demands that state law yield to federal law, but neither
federal supremacy nor any other principle of federal law
requires that a state court's interpretation of federal law
give way to a (lower) federal court's interpretation. In our
federal system, a state trial court's interpretation of
federal law is no less authoritative than that of the
federal court of appeals in whose circuit the trail court is
located."); Asarco Inc. v. Kadish, 490 U.S. 605, 617 (1989)
(Recognizing that state courts "possess the authority,
absent a provision for exclusive federal jurisdiction, to
render binding judicial decisions that rest on their own
interpretations of federal law."); Steffel v. Thompson, 415
U.S. 452, 482, n. 3 (1974)(Rehnquist, J., concurring)
(noting that a lower-federal-court decision "would not be
accorded the stare decisis effect in state court that it
would have in a subsequent proceeding within the same
federal jurisdiction."); Surrick v. Killion, 449 F. 3d 520,
535 (3rd Cir. 2006)("Although consistency between state and
federal courts is desirable in that it promotes respect for
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the law and prevents litigants from forum-shopping, there is


nothing inherently offensive about two sovereigns reaching
different legal conclusions. Indeed, such results were
contemplated by our federal system, and neither sovereign is
required to, nor expected to, yield to the other."); United
States ex rel. Lawrence v. Woods, 432 F.2d 1072, 1075 (7th
Cir. 1970)("In passing on federal constitutional questions,
the state courts and lower federal courts have the same
responsibility and occupy the same position; there is a
parallelism but not paramountcy for both sets of courts are
governed by the same reviewing authority of the Supreme
Court.").
8. Wherefore the premises considered, Judge Enslen respectfully
requests that this Supreme Court of Alabama, by any and all
lawful means available to it, protect and defend the
sovereign will of the people of the State of Alabama as
expressed in the Constitution of the State of Alabama, as
amended, so long as said state constitution represents the
highest and prevailing authoritative law under our American
system of government. At the current time, our state
constitution is the highest law of the land as shown by the

federal cases herein cited, and particularly those cases


previously issuing from the United States Supreme Court.

Respectfully submitted,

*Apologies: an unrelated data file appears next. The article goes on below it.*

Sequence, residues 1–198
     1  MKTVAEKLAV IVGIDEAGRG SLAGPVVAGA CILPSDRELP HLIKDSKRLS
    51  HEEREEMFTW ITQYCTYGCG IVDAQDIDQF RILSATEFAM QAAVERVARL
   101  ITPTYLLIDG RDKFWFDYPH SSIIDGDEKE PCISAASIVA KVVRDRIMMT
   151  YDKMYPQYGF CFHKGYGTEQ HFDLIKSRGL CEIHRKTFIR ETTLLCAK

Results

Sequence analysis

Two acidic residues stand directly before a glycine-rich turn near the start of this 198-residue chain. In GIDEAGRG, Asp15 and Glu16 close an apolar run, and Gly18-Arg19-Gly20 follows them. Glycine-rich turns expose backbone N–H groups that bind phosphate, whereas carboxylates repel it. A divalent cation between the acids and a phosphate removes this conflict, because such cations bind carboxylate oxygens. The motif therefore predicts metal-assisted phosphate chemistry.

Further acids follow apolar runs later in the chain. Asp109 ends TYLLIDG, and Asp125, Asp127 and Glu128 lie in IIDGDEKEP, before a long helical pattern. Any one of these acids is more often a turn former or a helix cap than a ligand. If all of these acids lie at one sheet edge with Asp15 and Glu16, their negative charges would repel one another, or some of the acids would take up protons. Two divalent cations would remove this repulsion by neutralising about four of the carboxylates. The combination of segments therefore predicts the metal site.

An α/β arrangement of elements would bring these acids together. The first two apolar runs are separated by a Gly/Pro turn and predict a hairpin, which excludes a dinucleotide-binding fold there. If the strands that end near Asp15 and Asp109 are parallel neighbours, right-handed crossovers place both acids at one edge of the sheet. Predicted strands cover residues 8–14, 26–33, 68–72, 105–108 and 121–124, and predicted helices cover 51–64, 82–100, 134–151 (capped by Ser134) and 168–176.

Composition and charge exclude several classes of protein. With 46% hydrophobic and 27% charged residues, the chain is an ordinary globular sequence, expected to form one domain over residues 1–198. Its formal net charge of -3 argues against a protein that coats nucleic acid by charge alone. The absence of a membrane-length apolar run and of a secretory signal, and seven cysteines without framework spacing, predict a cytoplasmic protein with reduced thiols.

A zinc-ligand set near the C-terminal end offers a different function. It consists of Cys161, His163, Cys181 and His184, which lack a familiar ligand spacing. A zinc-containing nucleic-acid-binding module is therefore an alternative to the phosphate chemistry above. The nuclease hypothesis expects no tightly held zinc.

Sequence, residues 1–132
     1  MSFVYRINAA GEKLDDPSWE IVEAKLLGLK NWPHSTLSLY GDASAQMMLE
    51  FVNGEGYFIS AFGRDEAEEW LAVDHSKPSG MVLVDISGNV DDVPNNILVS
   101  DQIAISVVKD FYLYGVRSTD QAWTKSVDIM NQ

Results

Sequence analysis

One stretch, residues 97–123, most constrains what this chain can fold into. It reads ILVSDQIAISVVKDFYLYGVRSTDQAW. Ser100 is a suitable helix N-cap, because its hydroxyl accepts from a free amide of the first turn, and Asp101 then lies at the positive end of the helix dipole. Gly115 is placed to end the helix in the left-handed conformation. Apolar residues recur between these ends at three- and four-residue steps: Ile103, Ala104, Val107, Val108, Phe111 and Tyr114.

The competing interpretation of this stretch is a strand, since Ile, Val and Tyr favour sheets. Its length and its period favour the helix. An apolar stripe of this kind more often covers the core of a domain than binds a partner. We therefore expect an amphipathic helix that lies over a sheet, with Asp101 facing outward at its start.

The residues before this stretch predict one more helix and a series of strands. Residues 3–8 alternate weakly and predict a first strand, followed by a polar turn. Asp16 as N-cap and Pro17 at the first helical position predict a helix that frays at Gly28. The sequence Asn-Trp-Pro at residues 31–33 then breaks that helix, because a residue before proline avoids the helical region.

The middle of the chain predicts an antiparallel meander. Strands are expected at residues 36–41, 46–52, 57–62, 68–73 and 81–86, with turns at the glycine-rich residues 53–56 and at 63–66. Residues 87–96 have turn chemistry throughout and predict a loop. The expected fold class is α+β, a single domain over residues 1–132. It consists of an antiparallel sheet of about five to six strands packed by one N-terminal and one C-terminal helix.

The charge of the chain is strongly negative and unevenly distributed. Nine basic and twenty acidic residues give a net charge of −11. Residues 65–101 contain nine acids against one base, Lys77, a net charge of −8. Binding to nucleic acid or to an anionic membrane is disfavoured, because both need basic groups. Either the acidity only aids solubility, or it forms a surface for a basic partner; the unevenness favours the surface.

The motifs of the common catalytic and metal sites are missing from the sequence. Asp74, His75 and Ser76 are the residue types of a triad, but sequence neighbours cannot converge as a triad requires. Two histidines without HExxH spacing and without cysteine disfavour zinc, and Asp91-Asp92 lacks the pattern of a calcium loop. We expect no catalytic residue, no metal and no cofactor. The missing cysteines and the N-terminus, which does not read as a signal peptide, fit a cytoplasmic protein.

/s/ John E. Enslen_____________________


John E. Enslen, Pro Se
Probate Judge of Elmore County, Alabama
Post Office Box 10
Wetumpka, Alabama 36092
334-399-2373
jeenslen@gmail.com

State of Alabama
Elmore County
VERIFICATION
Before me, the undersigned notary public, personally
appeared John E. Enslen, who after having been duly sworn,

stated under oath that the facts set forth in the foregoing
responsive pleading are true and correct.
Sworn to and subscribed before me this 18th day of
February, 2015.

/s/ Shirley Moseley____________


NOTARY PUBLIC
State of Alabama At Large
My commission expires 1/15/2019

CERTIFICATE OF SERVICE
I, John E. Enslen, do hereby Certify that a true and
correct copy of the foregoing has been furnished by United
States Postal Service and electronic mail on this 18th day
of February, 2015, to:
Matthew D. Staver
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Liberty Counsel
Post Office Box 540774
Orlando, Florida 32854-0774
mstaver@lc.org
Horatio G. Mihet
Liberty Counsel
Post Office Box 540774
Orlando, Florida 32854-0774
hmihet@lc.org
Roger K. Gannam
Liberty Counsel
Post Office Box 540774
Orlando, Florida 32854-0774
rgannam@lc.org
A. Eric Johnson
Attorney
Suite 107
1200 Corporate Drive
Birmingham, Alabama 35242
eric@aericjohnston.com
Samuel J. McLure
Attorney
The Adoption Law Firm
Post Office Box 2396
Montgomery, Alabama 36102
sam@theadoptionlawfirm.com

The Honorable Alan L. King


Judge of Probate, Jefferson County
716 North Richard Arrington Junior Boulevard
Birmingham, Alabama 35203
kinga@jccal.org
The Honorable Robert M. Martin
Judge of Probate, Chilton County
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500 2nd Avenue North


Clanton, Alabama 35045
probate@chiltoncounty.org
The Honorable Tommy Ragland
Judge of Probate, Madison County
100 North Side Square, Room 101
Huntsville, Alabama 35801
phanson@co.madison.al.us
The Honorable Steven L. Reed
Judge of Probate, Montgomery County
Montgomery County Courthouse Annex I, Third Floor
100 South Lawrence Street
Montgomery, Alabama 36104
probate@mc-ala.org
David Byrne
Legal Counsel, Governor Robert Bentley
Office of Governor Robert Bentley
State Capitol
600 Dexter Avenue
Montgomery, Alabama 36130-2751
david.byrne@governor.alabama.gov
Luther Strange
Attorney General, State of Alabama
501 Washington Avenue
Montgomery, Alabama 36130-0152
smclure@ago.state.al.us

Ken Webb
Attorney
7475 Halcyon Pointe Drive
Montgomery, Alabama 36117
kwebb@webbeley.com

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18 Feb. 2015________________
Date

/s/ John E. Enslen__________


Signature